As a concrete and topical example of the narrowing of living space and the dangers of land-use to sacred sites is the wind farm project “Davvi” of St1 in the Rástigáisá fell area in north Norwegian, Sápmi. The fell area is one of the last natural fell sites in Europe – and sacred to the Sámi community. The project represents green colonialism, which has deep roots in Sápmi. This subject is very timely, as at this present moment there are numerous mining reservations throughout Sápmi.

In several land-use conflicts the counterparts are the same: Metsähallitus (state enterprise that administers the state-owned land and water areas in Finland), the Sámi community and the global capitalistic force called ‘tourism’. It is vital for the sake of Sámi communities, cultures and languages that a study of the nature of the various conflicts between different forms of green colonialist forces with regard to threats directed towards sacred sites and other culturally important areas are collected. Therefore, by extending our understanding of the far-reaching effects of land-use conflicts, generational negative effects to Sámi cultural heritage, which include Sámi languages, cultures and traditional livelihoods, further harm can be prevented.

It must also be noted how these land-use conflicts originate and the way companies operate represent a silent – behind the scenes type of industrial power. For example, this type of action happens when traditional reindeer herding grazing associations hear about land reservations for development from various sources rather than directly from the companies behind these operations. Moreover, leaving local Sámi communities outside from the decision making without inclusion and representation in decision-making, repeats mistakes made in the past, that have directly contributed towards creating generational damage to Sámi cultural heritage and related land-based practices and is a purposeful obstacle to any possible repatriation efforts.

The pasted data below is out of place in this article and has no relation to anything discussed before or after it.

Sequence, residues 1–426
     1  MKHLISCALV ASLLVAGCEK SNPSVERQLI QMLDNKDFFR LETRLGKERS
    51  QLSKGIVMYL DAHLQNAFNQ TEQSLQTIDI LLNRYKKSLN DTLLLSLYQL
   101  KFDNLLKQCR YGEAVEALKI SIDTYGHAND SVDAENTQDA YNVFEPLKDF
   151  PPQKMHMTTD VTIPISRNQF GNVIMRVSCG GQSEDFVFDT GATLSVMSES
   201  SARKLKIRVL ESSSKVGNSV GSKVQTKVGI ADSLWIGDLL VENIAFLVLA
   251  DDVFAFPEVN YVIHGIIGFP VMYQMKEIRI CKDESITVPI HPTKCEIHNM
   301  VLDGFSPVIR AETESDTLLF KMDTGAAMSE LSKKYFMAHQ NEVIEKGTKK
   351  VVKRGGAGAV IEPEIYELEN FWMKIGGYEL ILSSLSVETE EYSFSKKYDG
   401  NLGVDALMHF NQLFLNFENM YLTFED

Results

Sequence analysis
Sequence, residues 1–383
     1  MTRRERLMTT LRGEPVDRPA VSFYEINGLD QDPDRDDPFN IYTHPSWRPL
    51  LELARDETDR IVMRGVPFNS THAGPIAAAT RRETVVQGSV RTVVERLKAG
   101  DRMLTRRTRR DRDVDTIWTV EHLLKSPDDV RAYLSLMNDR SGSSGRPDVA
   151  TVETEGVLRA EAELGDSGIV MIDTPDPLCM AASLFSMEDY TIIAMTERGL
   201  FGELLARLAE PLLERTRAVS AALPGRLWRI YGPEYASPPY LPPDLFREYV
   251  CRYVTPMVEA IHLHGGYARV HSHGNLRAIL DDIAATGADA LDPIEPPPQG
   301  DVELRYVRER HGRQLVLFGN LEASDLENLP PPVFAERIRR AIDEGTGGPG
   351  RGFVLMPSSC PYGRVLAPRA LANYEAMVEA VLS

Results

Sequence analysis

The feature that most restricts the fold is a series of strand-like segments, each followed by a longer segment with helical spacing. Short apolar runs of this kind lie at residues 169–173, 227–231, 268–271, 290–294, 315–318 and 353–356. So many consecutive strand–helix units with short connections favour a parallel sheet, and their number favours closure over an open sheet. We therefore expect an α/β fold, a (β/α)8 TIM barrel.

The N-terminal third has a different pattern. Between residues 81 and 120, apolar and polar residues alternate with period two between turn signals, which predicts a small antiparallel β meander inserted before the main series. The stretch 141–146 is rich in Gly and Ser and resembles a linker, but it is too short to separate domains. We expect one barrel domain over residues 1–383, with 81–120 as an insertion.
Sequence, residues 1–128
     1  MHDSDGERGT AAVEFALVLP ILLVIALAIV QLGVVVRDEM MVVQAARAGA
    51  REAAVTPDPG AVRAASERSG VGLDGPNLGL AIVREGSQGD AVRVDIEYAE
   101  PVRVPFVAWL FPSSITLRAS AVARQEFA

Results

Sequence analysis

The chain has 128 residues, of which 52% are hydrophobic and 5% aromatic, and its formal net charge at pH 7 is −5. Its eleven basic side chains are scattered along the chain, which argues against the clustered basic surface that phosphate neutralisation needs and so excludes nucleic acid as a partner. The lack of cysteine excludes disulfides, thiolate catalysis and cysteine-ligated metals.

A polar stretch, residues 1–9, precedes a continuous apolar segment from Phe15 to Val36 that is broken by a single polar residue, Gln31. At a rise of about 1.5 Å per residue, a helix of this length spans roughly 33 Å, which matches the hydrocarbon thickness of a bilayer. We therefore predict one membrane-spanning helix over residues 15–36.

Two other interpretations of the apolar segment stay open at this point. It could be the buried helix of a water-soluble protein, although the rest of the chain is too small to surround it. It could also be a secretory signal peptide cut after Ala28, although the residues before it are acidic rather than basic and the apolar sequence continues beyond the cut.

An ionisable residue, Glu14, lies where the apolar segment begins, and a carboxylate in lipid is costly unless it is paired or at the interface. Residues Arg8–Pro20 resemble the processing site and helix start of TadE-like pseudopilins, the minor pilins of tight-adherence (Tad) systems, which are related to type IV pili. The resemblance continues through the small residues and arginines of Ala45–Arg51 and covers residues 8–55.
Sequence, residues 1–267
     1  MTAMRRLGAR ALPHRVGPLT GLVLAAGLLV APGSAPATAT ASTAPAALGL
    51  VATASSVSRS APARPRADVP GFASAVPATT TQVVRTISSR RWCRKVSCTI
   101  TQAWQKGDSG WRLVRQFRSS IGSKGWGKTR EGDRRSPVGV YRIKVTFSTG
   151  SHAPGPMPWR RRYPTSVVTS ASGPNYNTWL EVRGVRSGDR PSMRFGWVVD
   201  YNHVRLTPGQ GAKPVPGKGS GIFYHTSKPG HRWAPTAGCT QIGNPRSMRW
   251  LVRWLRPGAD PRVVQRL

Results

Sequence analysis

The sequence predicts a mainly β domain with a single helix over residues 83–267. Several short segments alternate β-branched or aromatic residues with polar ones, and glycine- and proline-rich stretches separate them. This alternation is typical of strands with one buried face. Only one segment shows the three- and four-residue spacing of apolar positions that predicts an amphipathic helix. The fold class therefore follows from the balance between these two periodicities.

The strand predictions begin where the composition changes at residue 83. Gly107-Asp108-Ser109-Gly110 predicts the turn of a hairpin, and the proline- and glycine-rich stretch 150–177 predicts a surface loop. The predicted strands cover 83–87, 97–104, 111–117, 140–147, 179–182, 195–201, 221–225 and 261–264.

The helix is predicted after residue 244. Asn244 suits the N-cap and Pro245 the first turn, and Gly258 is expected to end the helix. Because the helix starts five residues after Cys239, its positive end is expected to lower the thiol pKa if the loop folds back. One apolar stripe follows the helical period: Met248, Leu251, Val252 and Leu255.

This kind of destruction has happened in Sápmi for example in the 1960’s, when a Finnish hydropower company Kemijoki Oy built Lokka and Porttipahta reservoirs and flooded six Sámi villages in the Sompio area. The local population of six hundred and fifty persons heard about the decision to build the reservoirs from the newspapers when the decisions to build them had already been made in secret. The flooding of Sompio and the loss of six Sámi villages and traditional land caused generational trauma and loss of notable pieces of Sámi cultural heritage. My own Sámi heritage lies in the flooded land of Sompio, and the generational trauma caused a breakage of cultural heritage in my family. For this reason, this subject is close to me, since our cultural landscapes and thus sacred sieidi sites are submerged under an artificial reservoir.

Within this research, I examine the possibilities of developing culturally sensitive tourism in Sápmi and its prospects for protecting sacred sites. Such protection could also include addressing purposeful constraints and hindrances implemented by industrial and tourism companies which are under-hand practices that are purposefully meant to interfere with the repatriation of sacred sites, land and water and the loss of cultural heritage, traditional livelihoods and languages. As a Sámi person myself, the protection of sacred sites and the shrouded prevention of the repatriation of land and cultural heritage is an important issue for me personally, and I feel a collective concern regarding these issues within the Sámi community.